Wonder Bear

Cover

Written and Illustrated by Tao Nyeu

Dial Books for Young Readers, 2008

Previously Reviewed Books from this Author:  Squid and Octopus: Friends for Always

In the first pictures, we see a boy and girl tending a garden, with two rows labeled as watermelons and one small patch with a blue hat sign posted above it.  The children fall asleep next to the garden and a huge and gorgeous flower blooms overnight.  A white bear in a blue hat emerges from the biggest blossom and begins the fun by pulling a collection of monkeys from his hat.  The monkeys build a pyramid and the bear launches the children to the top with a cannon.  After blowing bubbles into animal shapes, he chews up some leaves and puffs out a variety of sea creatures, who fly the bear, children and monkeys off into the sky.  They fly up to the moon and then back down to the water, where they swim back to the land and the garden that started it all.  The bear tucks the sleeping children into bed, climbs into his hat and sails away into the night sky.

Okay, I admit that this reads like a particularly vivid drug-induced hallucination.  But this book was the debut publication of the wonderful Tao Nyeu, who can take the most fanciful ideas and make them seem adorably plausible.  This book, totally without words, was originally the thesis project for her MFA at the School of Visual Arts in New York City and was inspired by an unusual gummy bear.  (Okay, so it’s a gummy bear-induced hallucination.)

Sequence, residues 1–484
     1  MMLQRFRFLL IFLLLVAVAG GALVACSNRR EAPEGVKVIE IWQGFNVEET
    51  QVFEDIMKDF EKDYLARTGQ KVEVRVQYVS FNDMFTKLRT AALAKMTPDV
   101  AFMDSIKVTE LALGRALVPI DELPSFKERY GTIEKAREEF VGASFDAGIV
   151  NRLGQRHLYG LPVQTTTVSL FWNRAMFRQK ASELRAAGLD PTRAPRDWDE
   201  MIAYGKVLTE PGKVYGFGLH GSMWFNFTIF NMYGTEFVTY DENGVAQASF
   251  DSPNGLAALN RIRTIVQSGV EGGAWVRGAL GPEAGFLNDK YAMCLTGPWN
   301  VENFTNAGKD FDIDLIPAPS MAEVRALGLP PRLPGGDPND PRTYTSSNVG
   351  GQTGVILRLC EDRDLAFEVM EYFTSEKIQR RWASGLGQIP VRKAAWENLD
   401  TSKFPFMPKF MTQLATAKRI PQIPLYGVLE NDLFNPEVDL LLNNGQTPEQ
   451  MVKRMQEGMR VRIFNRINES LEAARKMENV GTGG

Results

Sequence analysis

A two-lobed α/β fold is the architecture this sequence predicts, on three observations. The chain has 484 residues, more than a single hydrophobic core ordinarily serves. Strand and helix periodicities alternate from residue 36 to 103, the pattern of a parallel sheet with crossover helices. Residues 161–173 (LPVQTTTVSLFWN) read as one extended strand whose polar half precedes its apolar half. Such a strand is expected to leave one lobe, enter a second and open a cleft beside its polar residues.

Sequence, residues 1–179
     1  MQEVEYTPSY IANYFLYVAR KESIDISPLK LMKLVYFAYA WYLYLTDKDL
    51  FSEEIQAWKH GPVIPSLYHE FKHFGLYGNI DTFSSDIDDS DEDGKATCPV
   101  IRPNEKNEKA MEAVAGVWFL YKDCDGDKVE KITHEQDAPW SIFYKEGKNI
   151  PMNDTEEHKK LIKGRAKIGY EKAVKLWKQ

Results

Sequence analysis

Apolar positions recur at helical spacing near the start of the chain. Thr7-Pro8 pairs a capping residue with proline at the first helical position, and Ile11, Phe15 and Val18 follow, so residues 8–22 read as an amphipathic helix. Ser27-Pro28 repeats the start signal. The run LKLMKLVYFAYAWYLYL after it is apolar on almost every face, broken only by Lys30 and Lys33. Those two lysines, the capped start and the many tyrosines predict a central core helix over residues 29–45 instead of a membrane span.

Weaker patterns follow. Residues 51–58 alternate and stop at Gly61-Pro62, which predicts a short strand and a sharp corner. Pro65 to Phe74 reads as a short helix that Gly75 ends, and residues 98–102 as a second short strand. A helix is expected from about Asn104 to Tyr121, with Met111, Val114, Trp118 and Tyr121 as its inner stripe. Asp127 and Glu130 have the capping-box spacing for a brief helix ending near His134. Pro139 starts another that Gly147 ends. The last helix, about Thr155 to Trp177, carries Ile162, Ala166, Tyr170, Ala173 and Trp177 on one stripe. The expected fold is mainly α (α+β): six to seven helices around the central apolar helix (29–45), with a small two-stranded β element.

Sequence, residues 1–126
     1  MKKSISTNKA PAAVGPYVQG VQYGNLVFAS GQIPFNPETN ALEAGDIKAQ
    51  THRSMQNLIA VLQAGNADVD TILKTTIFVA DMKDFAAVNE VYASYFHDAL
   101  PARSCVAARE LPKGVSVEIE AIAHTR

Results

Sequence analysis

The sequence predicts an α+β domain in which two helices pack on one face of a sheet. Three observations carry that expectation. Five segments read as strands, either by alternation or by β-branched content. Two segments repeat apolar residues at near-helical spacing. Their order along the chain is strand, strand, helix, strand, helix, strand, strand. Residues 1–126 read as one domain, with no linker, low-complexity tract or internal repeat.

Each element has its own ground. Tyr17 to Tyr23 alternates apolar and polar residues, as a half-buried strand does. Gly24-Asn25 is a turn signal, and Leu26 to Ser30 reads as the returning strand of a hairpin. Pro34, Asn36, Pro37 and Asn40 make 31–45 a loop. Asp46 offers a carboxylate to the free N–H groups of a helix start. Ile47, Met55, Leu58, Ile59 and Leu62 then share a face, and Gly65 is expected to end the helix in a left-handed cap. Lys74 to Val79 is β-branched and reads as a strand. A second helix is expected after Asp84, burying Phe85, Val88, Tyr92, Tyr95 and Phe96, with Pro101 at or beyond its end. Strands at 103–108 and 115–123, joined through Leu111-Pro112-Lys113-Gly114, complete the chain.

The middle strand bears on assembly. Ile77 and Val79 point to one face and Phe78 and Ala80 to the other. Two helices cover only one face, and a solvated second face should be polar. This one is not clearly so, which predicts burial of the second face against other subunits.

It's an air traffic controller's nightmare.

It’s an air traffic controller’s nightmare.

I love that there are no words in this book, because it doesn’t need them to progress the story forward and I can’t help feeling that text would break the spell and distract from the magic.  Ms. Nyeu’s color palettes are blues, greens, oranges and yellows and they all work together perfectly in the water-based ink silkscreened pictures.  She does wonderful things with patterns within these color palettes and you can’t help feeling sad when Wonder Bear flies off, indicating that the book is over.

And what did we learn?  What I take away from this book is that there are adventures out there that defy description and everyone should have at least one.

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